The summer drought that’s taxed farmers from Berwick to Bowdoinham may take a toll on this year’s apple harvest. Commercial growers in southern and central Maine, the heart of the state’s apple region, are focused on the next few weeks to determine the nature, size and quality of the fruit.
After last year’s bumper crop, it was expected that this year’s yield would be less impressive, but how much less? That’s up to Mother Nature.
“I don’t think it’s going to be the end of the world, it’s a matter of sizing,” said Andy Ricker, owner of Ricker Hill Orchards, based in Turner, where 30 percent of his apple trees are irrigated.
“Some varieties will struggle with size, macs and galas. It all depends on how much rain we get in the next two weeks. In two to three weeks, we will pick,” said Ricker. “If we have a wet September we’ll be OK.”
Compared to Massachusetts, wilting under an extreme drought, Maine’s commercial orchards are faring well, according to industry trackers.
“The northern states seem to be in the best shape. From the center on up, there is good moisture,” said Russell Powell, a spokesman for the New England Apple Association, a Massachusetts-based nonprofit.
“We are getting good reports from Vermont, central New Hampshire and central Maine. Maine will do pretty well this year region wide,” said Powell, author of the book “Apples of New England: A User’s Guide.”
Though apples may be smaller than usual, and in some cases not as colorful, a dry spring and summer has caused little damage to spring blooms. On the upside, the drought kept harmful hail storms at bay.
But this year’s mixed forecast is tricky.
Home orchardists, watching apples drop in August, may be fooled by what they see.
At first blush “apples seem to be ripening early, but they are not ripening, they are stressed because of the lack of water,” said John Bunker, an agricultural historian who tends to an heirloom orchard in Palermo. “The tree is shedding the apple because it doesn’t want it, it’s a nuisance. It is taxing the tree.”
Where orchards are planted matters, said Bunker.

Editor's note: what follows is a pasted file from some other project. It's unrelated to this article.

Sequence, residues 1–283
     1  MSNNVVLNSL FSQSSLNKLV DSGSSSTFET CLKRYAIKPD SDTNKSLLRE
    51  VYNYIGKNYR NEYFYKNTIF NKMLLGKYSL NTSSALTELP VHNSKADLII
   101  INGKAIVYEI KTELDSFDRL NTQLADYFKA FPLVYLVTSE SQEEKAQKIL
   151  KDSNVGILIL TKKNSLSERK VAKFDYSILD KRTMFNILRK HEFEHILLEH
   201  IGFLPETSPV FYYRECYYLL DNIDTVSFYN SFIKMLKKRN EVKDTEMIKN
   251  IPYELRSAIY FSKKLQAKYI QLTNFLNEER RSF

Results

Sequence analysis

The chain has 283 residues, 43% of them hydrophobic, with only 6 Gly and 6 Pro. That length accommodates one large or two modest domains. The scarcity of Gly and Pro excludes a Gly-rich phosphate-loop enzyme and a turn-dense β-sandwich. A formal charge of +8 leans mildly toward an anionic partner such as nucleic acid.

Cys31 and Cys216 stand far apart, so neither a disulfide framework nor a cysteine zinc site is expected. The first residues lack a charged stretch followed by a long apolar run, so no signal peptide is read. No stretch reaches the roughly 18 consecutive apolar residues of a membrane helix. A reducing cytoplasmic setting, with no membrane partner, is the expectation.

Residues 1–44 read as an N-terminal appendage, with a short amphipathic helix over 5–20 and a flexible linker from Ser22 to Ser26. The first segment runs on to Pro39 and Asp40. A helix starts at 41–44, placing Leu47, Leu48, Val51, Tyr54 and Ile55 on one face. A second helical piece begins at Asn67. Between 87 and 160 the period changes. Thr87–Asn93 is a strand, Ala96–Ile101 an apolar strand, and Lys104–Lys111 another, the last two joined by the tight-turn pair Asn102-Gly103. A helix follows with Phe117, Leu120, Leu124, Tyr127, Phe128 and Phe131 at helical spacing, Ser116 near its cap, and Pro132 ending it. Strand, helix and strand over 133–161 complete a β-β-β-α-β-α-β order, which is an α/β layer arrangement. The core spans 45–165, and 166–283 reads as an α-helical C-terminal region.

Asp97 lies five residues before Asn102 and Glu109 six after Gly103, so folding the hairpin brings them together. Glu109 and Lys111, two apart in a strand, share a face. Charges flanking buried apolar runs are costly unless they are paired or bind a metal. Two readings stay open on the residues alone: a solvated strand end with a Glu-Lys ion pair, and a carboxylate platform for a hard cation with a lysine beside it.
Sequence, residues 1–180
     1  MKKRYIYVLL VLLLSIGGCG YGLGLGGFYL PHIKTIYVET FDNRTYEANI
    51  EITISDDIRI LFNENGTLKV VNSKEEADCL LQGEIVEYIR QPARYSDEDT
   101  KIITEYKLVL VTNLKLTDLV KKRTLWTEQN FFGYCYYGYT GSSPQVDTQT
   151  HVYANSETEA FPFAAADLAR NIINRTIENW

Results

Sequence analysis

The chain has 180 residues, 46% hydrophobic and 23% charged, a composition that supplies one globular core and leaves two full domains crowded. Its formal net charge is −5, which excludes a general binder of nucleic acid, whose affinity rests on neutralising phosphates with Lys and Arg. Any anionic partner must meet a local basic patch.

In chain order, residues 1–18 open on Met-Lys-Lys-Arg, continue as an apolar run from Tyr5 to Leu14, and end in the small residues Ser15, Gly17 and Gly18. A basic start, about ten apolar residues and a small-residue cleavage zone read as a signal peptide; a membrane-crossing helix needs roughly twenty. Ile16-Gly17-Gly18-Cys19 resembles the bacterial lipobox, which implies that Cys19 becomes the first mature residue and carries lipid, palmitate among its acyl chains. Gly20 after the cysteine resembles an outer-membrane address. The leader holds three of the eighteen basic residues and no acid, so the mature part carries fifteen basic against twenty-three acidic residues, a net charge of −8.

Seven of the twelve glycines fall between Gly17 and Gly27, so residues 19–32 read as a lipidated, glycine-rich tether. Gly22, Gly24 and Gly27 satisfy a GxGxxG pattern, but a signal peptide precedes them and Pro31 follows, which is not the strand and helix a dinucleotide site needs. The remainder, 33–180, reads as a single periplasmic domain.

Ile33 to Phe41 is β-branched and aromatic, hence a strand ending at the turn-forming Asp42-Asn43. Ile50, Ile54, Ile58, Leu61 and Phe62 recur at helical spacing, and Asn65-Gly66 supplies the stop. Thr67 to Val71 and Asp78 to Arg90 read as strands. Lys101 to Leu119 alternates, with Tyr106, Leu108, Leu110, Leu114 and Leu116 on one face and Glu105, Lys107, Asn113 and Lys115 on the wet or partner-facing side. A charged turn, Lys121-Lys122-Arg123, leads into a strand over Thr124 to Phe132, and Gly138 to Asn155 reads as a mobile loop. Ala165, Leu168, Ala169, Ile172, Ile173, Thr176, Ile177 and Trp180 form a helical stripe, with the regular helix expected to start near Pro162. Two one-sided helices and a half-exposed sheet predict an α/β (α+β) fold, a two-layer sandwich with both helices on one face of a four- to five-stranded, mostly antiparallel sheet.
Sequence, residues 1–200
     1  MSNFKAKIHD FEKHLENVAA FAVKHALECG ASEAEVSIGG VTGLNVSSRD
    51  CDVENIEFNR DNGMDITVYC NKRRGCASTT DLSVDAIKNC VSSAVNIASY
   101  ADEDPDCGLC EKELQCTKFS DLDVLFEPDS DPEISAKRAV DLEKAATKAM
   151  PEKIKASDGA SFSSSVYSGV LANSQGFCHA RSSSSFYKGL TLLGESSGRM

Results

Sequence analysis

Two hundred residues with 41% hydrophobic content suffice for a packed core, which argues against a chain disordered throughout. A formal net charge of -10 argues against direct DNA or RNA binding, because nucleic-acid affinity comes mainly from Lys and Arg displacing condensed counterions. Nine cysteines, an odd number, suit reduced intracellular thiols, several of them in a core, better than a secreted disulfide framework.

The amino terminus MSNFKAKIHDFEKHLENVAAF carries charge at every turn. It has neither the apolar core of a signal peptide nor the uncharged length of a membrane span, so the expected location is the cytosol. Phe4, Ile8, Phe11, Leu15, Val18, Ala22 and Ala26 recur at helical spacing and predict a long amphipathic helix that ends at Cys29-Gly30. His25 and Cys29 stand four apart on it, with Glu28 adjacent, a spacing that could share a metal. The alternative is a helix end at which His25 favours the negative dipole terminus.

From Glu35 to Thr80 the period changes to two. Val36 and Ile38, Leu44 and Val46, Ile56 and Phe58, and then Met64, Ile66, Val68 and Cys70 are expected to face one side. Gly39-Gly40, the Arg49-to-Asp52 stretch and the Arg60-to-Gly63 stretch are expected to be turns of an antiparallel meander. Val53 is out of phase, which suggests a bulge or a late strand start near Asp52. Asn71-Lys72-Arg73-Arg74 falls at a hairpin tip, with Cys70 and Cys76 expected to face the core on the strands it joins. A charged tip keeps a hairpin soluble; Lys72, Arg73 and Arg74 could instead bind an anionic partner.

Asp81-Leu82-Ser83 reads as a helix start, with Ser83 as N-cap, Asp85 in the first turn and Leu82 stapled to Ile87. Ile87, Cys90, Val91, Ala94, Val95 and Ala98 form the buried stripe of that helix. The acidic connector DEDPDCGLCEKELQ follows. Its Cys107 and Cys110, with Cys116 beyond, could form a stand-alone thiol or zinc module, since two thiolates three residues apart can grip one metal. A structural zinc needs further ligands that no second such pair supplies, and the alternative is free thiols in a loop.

“Commercial orchards, as a rule, have the best locations with the best soils because people were smart,” said Bunker. “There is probably a pretty good chance there will be a decent apple crop.”
Ricker, who will start to pick McIntoshes in early September, says the popular cortlands and honeycrisp have been watered and will thrive.
But don’t expect them right on time. In Ricker’s orchards that span eight towns and three counties, the hot, dry weather signals a late harvest.
“This year, apples are maturing a few days later,” he said.
But more crucial than timeliness, for this apple wholesaler, is girth.
“The market demands a size, or apples won’t make grade,” said Ricker. “If they are not 2½ inches, most grocery stores won’t touch it.”
Right now, Ricker’s apples measure between 1¼ inches to 3 inches.
Climatic shifts might affect supplies well into next year.
“I am concerned about how well our fruit will hold up in storage because a large part of the apple crop is stored in refrigeration until winter or spring,” said Renae Moran, tree fruit specialist with the University of Maine. “Apples need wet soil to take up calcium from the soil. When they don’t get enough calcium, they can lose quality during storage.”
She is taking a wait and see approach.
“At this time, it’s hard to predict how well apples will store, but there will be enough fruit for an abundant pick-your-own season. I suspect we have enough apples in the state to supply supermarkets well into March.”